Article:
Lady Devils are All In — EVHS enters Colorado State Volleyball Tournament as a No. 2 seed
The Lady Devils volleyball team members were all in as they hit the Colorado State Tournament.
The event didn’t go as they hoped when they failed to make it out of opening round play, but a couple of days after that loss, the girls could reflect on a spectacular season instead of a disappointing tournament.
All In was the team motto this year, and nobody believed in what that meant more than first-year coach Jackie Rindy.
“It’s been such an tremendous year. This is an incredible group of girls, no doubt about it,” said Rindy. “They set the bar high, right off the top of the bat.”
Rindy is a valley native and played high school volleyball for the Battle Mountain Huskies. “It was a whole different sport back then,” she said with a laugh.
Rindy found her way back to the sport through her daughter Jaimee, who played club volleyball and then high school volleyball for the Lady Devils. As her daughter became more and more involved in the sport, so did Rindy. She eventually became director of Vail Volleyball Club and a high school volleyball official. As for Jaimee, she graduated from Eagle Valley in 2015 and now plays volleyball for Coe College in Cedar Rapids, Iowa.
The Rindy women were at the King of the Mountain Tournament this summer when Rindy learned that Eagle Valley didn’t have a volleyball coach lined up for the fall. The next day Jaimee told her mom she needed to step up to coach the team.
“She said to me ‘Mom, you can’t let them down. They need a good coach; they are too talented,’” said Rindy.
So, although she had never coached a competitive squad, Rindy reached out to Eagle Valley High School Athletic Director Tami Payne to see about the job.
“I asked if they needed someone to coach who didn’t need a job or housing,” said Rindy.
Not surprisingly, the answer was a resounding “Yes!”
Rindy’s first task was to take the team to a camp in July. That was the start of what has evolved into something very special.
“Girls need to bond before they will fight for each other. You need to understand that as a coach,” she said.
She credits team captains Kylie Martin and Molly Jewett with leading the way.
“They are part of the reason why I threw my name into the hat,” said Rindy. “They provided the girls with a direction that was all in for the season.”
Back to that catch phrase, the team’s all in motto works on a couple of levels. While it signifies the team’s sense of commitment and urgency, it’s also an acronym for the team’s vision:
A: Accept the role I have been given today.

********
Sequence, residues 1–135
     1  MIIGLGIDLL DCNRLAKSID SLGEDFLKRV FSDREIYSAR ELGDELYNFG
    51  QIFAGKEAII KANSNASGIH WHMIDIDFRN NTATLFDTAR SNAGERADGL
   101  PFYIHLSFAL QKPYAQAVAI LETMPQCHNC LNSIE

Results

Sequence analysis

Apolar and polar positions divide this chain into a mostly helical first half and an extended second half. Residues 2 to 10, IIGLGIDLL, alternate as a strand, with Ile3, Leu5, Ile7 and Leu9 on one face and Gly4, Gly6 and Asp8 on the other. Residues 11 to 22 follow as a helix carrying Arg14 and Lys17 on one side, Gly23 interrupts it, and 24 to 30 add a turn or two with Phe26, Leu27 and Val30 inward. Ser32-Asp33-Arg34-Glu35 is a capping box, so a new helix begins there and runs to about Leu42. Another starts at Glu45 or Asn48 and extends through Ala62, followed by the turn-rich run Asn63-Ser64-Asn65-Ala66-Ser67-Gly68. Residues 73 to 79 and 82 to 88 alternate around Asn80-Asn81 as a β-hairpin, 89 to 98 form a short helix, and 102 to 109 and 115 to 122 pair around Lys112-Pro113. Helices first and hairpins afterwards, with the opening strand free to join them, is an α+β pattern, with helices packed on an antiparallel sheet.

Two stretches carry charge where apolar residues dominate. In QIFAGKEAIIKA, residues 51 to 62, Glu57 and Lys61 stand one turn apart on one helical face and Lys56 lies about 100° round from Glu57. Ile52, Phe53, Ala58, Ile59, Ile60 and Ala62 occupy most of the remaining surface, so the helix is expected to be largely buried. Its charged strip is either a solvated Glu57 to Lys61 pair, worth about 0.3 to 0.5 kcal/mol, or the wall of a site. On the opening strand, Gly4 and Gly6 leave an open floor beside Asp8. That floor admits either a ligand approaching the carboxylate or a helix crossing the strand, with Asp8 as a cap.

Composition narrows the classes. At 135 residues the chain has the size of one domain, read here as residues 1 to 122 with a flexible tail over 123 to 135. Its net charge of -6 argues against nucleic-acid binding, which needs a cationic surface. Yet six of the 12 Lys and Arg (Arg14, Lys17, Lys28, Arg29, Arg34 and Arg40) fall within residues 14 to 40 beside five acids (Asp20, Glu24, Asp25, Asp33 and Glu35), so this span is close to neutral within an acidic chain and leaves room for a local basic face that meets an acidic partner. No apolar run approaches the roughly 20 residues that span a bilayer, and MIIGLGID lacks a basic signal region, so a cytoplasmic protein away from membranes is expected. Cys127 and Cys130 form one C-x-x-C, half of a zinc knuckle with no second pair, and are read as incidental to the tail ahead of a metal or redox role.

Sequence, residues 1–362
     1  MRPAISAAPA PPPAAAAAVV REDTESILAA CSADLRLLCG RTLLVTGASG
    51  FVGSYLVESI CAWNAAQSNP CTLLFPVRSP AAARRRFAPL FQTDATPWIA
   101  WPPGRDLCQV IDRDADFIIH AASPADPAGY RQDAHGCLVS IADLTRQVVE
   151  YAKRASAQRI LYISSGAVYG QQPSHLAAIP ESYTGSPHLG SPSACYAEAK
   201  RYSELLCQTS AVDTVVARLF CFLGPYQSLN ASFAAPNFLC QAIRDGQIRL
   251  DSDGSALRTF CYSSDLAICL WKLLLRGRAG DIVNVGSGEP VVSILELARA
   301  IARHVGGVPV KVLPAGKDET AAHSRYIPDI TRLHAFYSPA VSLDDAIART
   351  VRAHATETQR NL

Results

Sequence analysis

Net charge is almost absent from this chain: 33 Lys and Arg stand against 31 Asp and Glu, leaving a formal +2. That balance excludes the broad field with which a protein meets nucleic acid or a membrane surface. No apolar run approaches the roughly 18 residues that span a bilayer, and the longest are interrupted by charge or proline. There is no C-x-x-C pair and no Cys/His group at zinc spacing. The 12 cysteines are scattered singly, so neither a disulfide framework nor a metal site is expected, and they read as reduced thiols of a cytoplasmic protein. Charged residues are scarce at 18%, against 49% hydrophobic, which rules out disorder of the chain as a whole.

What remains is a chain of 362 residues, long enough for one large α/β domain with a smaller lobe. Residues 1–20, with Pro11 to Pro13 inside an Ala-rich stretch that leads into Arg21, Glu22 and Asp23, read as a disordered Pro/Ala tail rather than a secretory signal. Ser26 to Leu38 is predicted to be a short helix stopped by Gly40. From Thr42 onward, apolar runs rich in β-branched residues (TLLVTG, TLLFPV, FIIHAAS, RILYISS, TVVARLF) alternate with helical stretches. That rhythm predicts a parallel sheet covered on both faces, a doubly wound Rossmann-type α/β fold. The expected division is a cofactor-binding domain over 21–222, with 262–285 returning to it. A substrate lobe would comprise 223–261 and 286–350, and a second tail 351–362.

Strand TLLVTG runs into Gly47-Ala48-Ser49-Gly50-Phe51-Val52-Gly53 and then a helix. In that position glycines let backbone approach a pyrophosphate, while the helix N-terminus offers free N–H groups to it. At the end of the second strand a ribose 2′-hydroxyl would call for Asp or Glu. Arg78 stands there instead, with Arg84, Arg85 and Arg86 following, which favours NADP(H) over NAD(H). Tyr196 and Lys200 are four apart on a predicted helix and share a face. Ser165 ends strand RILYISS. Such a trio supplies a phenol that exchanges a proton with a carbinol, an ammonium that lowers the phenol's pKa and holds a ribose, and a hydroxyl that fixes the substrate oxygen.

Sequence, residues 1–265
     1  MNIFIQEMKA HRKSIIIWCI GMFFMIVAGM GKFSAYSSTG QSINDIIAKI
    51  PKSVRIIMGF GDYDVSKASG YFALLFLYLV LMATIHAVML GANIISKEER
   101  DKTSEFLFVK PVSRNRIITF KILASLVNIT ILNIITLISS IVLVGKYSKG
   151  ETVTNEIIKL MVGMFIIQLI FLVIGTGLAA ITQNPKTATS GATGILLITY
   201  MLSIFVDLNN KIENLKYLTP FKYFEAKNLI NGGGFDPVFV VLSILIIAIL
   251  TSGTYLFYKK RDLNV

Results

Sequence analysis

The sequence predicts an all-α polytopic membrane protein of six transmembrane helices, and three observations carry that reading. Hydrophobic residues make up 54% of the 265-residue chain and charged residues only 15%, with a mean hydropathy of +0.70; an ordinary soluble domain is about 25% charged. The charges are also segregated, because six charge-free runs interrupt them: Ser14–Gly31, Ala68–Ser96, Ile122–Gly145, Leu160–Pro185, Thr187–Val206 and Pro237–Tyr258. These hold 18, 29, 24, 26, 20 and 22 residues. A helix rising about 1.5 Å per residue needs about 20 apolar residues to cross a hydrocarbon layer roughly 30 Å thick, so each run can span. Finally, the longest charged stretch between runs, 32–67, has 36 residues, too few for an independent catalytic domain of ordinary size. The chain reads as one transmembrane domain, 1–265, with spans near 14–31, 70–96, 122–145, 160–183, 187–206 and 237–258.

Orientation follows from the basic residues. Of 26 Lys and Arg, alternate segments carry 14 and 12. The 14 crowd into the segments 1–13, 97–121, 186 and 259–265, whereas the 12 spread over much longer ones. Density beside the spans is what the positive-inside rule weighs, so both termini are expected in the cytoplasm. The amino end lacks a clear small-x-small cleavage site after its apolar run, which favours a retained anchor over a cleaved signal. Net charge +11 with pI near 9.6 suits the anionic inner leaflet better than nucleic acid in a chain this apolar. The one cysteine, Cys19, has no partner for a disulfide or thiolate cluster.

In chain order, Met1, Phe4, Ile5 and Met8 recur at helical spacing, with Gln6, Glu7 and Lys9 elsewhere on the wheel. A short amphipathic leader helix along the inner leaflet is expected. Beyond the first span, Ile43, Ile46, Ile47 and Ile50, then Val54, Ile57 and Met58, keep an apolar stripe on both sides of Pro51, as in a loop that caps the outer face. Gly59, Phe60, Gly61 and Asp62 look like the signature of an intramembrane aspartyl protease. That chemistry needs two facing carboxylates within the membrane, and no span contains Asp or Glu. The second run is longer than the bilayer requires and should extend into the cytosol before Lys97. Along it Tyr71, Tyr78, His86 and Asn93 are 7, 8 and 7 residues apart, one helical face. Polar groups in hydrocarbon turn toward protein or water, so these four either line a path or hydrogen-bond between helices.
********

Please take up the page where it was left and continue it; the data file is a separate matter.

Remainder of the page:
L: Leave the last point behind.
L: Letting my team down is not an option.
I: Insist on 100 percent from myself, my teammates and my coaches.
“There you go. Every day that’s been on the board. When we have had a great day, we go back to it. When we have had a bad day, we went back to it,” said Rindy
More good than bad
The Lady Devils’ record from 2016 speaks for itself. The team only lost three matches all year. They stormed through the Western Slope League with a 12-0 record and only lost two sets during the entire season of league play.
Rindy believes the team’s season-defining performance came during the second set of the match against cross-county rival Battle Mountain. The Lady Devils had fallen behind by 12 points.
“I called a time out and said ‘This is not who you are. This is not what all in means. Fix it.’ And they did. They came back and won it,” said Rindy.
Eagle Valley’s student body and staff sent off the team with style last Thursday with a spirit tunnel and an EMS escort out of town. Rindy said enthusiasm for the team grew as the Lady Devils racked up wins.
At the same time, this season has been an intimate affair between the players and their coaches. Music blared during practice and players dance on the sidelines.
“Our practices are so much fun,” said Rindy. “If you don’t have fun, you lose a bunch of the girls’ personalities.”
And as everyone knows, winning is a lot more fun than losing.
“When the girls come into the gym, they have a job to do,” said Rindy. “They leave everything at the door that doesn’t benefit the group.”
On the eve of the state tournament, Rindy said she felt fortunate to have had the opportunity to share her love of volleyball with the team. “This sport had done so much for my family, so much for my daughter,” she said. “I see it doing that for a lot of these athletes also.”
She is grateful for the team’s commitment and success and for the lessons she has learned this season.
“The thing I learned the most is that it is all about the kids,” she said. “If everyone remembers that, good things happen.”
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